The Johns Hopkins Center for Communication Programs (CCP)-led, U.S. Agency for International Development (USAID)-funded Breakthrough ACTION project recently visited Guyana to support efforts to prevent and treat malaria among this South American country’s gold miners. CCP is based at the Johns Hopkins Bloomberg School of Public Health. On their three-week visit, CCP team members worked with officials from Guyana’s Ministry of Public Health, miners, mining associations, camp managers and volunteer malaria testers to generate ideas for how to tackle the problem.
This was the team’s second trip to Guyana. Last fall, the team spent three weeks talking to more than 100 people in the field to gain a deep understanding of the issue. They found that miners typically didn’t perceive malaria as a great risk and that many didn’t fully understand malaria and how to prevent it. Many also didn’t know that they could get free rapid diagnostic tests and approved treatment nearby.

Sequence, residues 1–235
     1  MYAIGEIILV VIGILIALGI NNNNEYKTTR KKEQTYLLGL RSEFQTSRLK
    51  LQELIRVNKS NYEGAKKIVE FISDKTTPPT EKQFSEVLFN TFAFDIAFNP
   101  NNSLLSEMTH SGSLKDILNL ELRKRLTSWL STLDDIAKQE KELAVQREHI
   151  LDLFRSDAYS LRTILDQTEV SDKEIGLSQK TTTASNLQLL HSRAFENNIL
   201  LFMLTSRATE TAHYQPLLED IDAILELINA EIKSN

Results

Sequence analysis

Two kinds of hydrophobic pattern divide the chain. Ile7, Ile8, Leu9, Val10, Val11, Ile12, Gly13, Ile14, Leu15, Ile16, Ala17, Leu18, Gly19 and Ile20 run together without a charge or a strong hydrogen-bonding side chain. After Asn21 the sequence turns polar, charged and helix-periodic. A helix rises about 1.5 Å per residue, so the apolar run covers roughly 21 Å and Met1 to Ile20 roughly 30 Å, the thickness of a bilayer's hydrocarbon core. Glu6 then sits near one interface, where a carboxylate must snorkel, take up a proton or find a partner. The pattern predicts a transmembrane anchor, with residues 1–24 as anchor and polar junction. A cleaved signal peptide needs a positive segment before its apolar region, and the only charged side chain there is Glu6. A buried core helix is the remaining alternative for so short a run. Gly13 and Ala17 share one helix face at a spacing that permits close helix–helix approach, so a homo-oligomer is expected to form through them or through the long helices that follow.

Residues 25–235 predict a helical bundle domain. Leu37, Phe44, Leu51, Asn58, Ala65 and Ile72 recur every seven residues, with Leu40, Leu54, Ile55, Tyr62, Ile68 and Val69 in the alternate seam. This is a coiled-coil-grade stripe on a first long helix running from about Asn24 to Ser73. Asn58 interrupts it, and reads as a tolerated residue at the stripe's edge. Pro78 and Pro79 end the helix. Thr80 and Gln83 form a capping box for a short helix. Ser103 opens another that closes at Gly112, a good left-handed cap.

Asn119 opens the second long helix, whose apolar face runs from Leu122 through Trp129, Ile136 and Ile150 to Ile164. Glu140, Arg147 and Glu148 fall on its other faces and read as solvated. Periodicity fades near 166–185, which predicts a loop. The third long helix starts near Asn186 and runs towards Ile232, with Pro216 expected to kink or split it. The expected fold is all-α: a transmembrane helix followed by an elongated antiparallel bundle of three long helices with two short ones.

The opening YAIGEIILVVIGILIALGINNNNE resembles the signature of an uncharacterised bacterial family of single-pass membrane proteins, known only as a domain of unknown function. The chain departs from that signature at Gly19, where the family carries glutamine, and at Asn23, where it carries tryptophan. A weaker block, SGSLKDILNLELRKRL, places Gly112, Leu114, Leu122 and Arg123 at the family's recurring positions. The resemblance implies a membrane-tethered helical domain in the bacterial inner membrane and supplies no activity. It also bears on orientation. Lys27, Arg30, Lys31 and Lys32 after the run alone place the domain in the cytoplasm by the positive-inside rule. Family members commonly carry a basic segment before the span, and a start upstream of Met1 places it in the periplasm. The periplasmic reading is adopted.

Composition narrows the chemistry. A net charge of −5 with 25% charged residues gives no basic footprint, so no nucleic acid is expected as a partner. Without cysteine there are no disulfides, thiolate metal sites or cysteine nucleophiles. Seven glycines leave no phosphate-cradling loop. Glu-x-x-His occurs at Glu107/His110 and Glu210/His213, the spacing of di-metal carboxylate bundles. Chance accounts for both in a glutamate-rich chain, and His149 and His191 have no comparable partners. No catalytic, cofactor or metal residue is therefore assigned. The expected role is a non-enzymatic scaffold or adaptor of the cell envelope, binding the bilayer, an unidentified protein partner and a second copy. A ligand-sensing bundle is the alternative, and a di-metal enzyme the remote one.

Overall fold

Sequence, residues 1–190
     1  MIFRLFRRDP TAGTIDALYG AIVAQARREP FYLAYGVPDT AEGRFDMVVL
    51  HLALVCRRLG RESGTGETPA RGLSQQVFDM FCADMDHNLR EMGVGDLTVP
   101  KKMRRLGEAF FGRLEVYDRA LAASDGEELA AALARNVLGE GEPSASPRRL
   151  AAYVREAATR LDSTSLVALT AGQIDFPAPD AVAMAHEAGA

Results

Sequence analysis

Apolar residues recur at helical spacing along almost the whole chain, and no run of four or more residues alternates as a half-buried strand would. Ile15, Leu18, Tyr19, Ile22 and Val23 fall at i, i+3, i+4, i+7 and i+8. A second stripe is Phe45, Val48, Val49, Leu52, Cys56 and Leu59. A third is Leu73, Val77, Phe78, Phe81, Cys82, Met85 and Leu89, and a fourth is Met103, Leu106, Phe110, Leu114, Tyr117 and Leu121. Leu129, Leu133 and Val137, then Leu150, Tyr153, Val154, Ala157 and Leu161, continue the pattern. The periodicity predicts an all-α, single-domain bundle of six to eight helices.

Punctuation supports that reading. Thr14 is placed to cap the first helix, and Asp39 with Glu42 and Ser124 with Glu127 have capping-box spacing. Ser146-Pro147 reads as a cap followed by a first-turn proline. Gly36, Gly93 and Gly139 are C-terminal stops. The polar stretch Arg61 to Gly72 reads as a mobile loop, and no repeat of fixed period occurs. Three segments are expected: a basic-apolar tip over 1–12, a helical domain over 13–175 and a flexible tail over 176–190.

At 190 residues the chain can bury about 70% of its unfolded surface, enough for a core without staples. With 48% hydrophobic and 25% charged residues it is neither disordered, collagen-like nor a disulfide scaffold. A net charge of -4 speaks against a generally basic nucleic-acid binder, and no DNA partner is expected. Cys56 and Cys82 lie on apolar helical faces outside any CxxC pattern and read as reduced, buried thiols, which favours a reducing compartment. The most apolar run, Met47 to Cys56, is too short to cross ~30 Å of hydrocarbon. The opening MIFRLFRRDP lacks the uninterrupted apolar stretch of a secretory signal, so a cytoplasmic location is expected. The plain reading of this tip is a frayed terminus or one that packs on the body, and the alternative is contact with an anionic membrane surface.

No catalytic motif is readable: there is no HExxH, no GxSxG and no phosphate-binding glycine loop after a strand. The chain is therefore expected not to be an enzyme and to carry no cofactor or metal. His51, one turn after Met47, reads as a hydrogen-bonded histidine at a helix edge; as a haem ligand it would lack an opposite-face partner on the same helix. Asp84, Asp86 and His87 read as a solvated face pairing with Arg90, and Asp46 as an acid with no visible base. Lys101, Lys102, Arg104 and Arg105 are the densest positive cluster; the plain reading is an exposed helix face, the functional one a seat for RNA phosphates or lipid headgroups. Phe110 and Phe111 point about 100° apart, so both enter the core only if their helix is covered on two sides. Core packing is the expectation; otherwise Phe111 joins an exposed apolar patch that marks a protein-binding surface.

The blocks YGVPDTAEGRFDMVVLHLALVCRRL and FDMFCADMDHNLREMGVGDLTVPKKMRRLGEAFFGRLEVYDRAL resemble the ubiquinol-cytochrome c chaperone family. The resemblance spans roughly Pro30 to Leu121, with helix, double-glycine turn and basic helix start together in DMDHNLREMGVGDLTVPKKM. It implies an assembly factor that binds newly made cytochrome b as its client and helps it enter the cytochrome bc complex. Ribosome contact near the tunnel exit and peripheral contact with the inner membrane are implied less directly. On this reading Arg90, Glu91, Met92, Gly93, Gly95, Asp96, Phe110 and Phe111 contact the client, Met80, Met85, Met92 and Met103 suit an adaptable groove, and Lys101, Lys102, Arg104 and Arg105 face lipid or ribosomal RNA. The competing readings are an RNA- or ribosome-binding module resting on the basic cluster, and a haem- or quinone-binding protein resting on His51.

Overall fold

On the team’s most recent trip, the social and behavior change concepts discussed were everything from writing radio jingles to creating a streamlined referral system to developing a mobile reporting app, an option that trained testers quickly rejected.
Some of the simplest ideas, the team found, could end up being most successful — designing brightly colored signs that announce “Free Malaria Testing and Treatment Here,” for example. Another idea is to create simple certificates that can be given to those trained to do rapid diagnostic tests to increase visibility of the services and boost the confidence of both testers and miners in the process.Friday Letter Submission